However, where resinous substrates are used, a reduction in fabrication cost and an improvement in the productivity are not accomplished.
It is an object of the present invention to provide techniques for fabricating liquid-crystal electrooptical devices, using flexible substrates, at low cost and with high productivity.
A system for fabricating liquid crystal cells according to the present invention comprises a first roll on which a first flexible substrate has been wound, a second roll on which a second flexible substrate has been wound, means for forming a liquid crystal material layer on the surface of the first substrate, and means for bonding together the first and second substrates 206, 201.
A specific example of the structure of the above-described system is shown in
The flexible substrates can be made from PET (polyethylene terephthalate), PEN (polyethylene naphthalate), PES (poly-ethylene sulfite), polyimide, or PAR (polyarylate).
A method of fabricating liquid crystal cells according to the present invention consists of preparing a first flexible substrate wound on a first roll, preparing a second flexible substrate wound on a second roll, and squeezing a liquid crystal material between the first and second substrates to form an elongated liquid crystal cell.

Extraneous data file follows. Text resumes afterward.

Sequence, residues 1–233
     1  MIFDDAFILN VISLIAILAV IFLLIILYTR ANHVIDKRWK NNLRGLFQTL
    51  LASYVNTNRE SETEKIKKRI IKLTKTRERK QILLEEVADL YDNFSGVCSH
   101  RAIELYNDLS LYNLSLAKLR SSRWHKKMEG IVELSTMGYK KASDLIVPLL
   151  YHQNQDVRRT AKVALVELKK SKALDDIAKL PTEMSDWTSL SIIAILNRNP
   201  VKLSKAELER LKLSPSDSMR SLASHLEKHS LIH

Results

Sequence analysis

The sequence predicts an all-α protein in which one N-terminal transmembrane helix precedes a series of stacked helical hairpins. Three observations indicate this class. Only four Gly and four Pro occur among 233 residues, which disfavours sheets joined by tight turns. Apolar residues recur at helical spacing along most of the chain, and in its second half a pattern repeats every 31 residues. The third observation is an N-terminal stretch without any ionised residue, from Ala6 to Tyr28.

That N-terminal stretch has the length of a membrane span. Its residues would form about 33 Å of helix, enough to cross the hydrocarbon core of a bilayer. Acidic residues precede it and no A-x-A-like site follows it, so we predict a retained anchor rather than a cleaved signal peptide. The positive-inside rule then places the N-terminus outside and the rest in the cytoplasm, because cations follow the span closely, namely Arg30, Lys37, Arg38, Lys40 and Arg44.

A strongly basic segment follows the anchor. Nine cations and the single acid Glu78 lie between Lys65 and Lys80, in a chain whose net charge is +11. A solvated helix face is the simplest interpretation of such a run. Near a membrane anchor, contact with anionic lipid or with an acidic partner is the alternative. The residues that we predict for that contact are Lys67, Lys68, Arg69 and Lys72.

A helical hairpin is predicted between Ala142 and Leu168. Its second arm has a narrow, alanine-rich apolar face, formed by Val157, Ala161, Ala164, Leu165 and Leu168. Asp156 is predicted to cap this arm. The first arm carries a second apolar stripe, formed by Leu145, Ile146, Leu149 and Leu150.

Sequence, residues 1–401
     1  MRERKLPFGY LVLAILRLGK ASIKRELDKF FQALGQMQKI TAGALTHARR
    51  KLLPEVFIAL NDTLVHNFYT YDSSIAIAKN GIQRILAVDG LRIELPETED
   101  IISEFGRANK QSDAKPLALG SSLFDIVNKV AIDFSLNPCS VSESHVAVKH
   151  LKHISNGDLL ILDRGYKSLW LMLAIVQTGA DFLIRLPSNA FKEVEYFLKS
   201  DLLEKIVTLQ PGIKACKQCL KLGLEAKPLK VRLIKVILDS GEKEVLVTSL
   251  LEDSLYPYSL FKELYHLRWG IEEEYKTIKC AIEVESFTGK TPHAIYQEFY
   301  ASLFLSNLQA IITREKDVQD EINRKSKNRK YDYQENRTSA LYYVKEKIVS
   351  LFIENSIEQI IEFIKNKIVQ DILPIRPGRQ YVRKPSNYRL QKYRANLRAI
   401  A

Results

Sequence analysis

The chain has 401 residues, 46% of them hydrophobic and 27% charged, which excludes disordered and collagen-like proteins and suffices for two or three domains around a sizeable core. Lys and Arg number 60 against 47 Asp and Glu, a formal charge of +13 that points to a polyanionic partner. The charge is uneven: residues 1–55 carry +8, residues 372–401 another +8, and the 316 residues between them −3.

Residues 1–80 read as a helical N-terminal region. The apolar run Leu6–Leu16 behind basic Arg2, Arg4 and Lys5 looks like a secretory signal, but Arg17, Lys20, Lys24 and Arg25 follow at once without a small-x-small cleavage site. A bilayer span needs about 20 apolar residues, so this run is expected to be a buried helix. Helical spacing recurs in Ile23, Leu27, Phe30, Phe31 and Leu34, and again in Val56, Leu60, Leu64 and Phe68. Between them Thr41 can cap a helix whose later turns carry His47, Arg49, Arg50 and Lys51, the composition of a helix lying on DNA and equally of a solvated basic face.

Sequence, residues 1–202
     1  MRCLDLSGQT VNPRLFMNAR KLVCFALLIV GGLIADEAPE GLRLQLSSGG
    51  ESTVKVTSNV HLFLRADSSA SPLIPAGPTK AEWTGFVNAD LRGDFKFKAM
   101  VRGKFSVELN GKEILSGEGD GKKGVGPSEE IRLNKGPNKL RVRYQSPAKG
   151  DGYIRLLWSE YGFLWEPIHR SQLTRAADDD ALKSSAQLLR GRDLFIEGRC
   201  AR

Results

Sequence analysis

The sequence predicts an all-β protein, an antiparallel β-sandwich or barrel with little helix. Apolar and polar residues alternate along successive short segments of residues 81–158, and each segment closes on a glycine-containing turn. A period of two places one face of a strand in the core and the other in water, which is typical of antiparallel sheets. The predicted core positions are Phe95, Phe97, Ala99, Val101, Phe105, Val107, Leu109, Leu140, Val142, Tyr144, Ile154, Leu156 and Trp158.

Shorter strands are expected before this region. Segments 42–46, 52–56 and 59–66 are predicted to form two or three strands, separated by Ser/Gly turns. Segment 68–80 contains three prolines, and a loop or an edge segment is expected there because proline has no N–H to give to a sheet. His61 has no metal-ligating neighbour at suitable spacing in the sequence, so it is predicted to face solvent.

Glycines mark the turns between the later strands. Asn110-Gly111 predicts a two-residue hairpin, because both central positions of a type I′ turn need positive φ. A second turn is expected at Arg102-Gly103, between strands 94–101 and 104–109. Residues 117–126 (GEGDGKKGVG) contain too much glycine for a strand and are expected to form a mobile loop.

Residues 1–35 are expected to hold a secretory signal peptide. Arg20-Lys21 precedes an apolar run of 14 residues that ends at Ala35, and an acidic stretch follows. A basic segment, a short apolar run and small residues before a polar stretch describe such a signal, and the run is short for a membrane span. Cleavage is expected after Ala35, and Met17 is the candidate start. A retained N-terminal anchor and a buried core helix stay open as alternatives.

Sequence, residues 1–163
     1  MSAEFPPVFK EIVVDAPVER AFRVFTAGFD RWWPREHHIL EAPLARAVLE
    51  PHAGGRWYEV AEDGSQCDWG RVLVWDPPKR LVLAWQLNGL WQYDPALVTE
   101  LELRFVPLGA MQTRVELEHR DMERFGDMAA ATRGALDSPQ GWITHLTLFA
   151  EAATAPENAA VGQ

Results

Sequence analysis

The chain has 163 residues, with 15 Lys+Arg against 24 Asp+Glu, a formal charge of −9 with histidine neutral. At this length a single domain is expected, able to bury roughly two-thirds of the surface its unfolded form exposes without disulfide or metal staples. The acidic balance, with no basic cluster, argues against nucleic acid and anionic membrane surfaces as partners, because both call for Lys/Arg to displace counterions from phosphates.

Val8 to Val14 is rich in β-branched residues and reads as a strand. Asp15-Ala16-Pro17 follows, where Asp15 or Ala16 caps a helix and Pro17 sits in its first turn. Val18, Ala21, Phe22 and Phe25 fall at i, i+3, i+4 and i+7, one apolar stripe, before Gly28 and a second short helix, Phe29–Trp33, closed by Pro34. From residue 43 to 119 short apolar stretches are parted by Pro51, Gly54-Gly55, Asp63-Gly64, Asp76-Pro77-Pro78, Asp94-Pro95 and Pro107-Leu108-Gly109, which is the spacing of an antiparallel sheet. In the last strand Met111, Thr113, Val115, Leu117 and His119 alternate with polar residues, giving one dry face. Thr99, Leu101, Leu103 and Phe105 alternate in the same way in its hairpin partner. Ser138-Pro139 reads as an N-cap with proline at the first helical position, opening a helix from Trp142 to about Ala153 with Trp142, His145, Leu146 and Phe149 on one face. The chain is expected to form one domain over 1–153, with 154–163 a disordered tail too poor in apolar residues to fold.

Another method of fabricating liquid crystal cells according to the present invention consists of winding a flexible substrate on a roll, printing an orientation film on the substrate, orienting molecules of the orientation film, spraying spacers on the orientation film, and printing a sealing material. These manufacturing steps are effected successively.
A specific example of the above-described method is illustrated in FIG. 1. An orientation film 209 is formed on the flexible substrate 206 by rolls 127 and 128, the substrate 206 being wound on the roll 119. Spacers 211 are sprayed. A sealing material (not shown) is printed.
Other objects and features of the invention will appear in the course of the description thereof, which follows.
The present example is a production system capable of producing liquid-crystal electrooptical devices in succession, each electrooptical device using flexible resinous substrates. This fabrication system is schematically shown in FIG. 1 and intended to produce the flexible resinous substrates wound on rolls 101 and 119, for constructing each liquid-crystal electrooptical device.